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Upcoming competitions

 
The IBSF Congress has been organised regularly since the first event was held on November 23rd, 1923 in Paris. 

The IBSF Congress 2019 will take place in Prague, Czech Republic on July 7th and welcomes more than 40 National Federations along with Race Organizers, Track Officials, IBSF Representatives and Guests.

Latest Results

Women's Monobob Event
Women’s Monobob
La Plagne, 8 mar 2020
1
2:10.94   
2
2:11.01    (+0.07)
3
2:11.57    (+0.63)
World Championships
Skeleton Mixed Team Competition
Altenberg, 1 mar 2020
2
1:55.40    (+0.01)
3
1:55.82    (+0.43)

Social Wall

Laura Deas | Winter Olympian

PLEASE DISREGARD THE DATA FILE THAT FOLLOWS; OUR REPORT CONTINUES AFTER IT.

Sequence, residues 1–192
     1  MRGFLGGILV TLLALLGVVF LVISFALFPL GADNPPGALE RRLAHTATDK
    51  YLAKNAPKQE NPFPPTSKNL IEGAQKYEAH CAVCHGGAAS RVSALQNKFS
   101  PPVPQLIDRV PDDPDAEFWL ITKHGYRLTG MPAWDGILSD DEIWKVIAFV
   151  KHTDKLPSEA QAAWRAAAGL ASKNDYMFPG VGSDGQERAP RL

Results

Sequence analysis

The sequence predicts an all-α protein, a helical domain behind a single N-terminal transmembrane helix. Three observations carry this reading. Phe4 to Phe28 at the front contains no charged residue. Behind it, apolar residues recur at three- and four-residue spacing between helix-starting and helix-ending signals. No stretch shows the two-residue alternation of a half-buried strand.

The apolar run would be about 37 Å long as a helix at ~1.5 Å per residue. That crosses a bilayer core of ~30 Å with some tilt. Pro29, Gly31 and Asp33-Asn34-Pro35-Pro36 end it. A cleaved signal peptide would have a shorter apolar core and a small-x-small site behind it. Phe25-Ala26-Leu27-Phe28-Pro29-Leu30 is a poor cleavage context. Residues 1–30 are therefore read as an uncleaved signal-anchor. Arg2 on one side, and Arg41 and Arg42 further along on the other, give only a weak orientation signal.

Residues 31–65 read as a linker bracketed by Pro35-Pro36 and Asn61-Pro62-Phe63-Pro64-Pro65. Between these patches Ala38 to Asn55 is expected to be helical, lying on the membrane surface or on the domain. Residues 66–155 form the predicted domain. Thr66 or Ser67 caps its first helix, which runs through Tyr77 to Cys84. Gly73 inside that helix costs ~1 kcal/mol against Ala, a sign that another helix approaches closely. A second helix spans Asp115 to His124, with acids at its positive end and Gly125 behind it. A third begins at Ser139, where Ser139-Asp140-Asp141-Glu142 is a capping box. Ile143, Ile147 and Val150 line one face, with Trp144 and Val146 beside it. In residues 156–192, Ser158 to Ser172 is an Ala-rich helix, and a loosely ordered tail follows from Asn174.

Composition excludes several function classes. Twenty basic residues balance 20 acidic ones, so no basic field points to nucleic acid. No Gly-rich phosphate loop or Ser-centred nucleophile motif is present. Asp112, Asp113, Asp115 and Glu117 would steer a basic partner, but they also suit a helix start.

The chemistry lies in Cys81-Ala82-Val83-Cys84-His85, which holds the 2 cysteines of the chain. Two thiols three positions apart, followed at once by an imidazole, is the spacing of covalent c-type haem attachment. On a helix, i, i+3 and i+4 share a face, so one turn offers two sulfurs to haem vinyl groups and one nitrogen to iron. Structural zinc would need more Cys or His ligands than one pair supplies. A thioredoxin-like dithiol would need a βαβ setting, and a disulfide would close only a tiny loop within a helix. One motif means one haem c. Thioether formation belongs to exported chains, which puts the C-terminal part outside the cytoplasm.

There was a request from a fellow skeleton athlete last week for La Plagne to feature on #tracktuesday soon, so here it is..La Plagne is nestled high up in the French Alps, and was used for the 1992 Olympics in Albertville. Apparently bobsleds were raced down the mountain road before it was deemed necessary to build a purpose built course! Unlike all the tracks I've covered so far, it has been hardly been raced on by World Cup skeleton (the last World Cup before the season just gone was in 2015). For this reason, most athletes have had very few runs down it and so it holds a cetain fear factor I'd say- that and the fact that it's a beast! For starters, it's really long and unrelenting with 19 corners, so you have to be able to remain focussed for a longer than usual period of time. Then you've got one of the longest and flattest push starts in the sport, making it quite technically difficult to accelerate the sled off the block. Throw in the very quick transitions and high pressure double wave corners and you'll begin to get the picture. It's also tricky in that in order to go fast here you have to let the sled glide and be pretty relaxed, but relax a little too much and there are fast areas which can cause you major problems- so, it's a delicate balance of letting go but being ready to intervene quickly if things go off course! To really nail the track, you've got to have an acute awareness for how much the sled is rising and falling in the double wave corners. On all tracks the sled naturally wants to follow the wave pattern determined by the corner's geometry, so part of learning a track is working out what that natural pattern will be and how much you will need to alter it to go fast. In La Plagne, all the higher pressure corners have two waves, so you need to know where you are and how much rise and fall is happening in order to affect the outcome on the exit. Too much wave and you'll likely be too high at the end and have an uncontrolled (and possibly painful!) exit, too much control and the waves will be lower and less risky, but the line will probably be slow. Watch the latest La Plagne World Cup back and you'll see plenty of examples of both! 📷 IBSF

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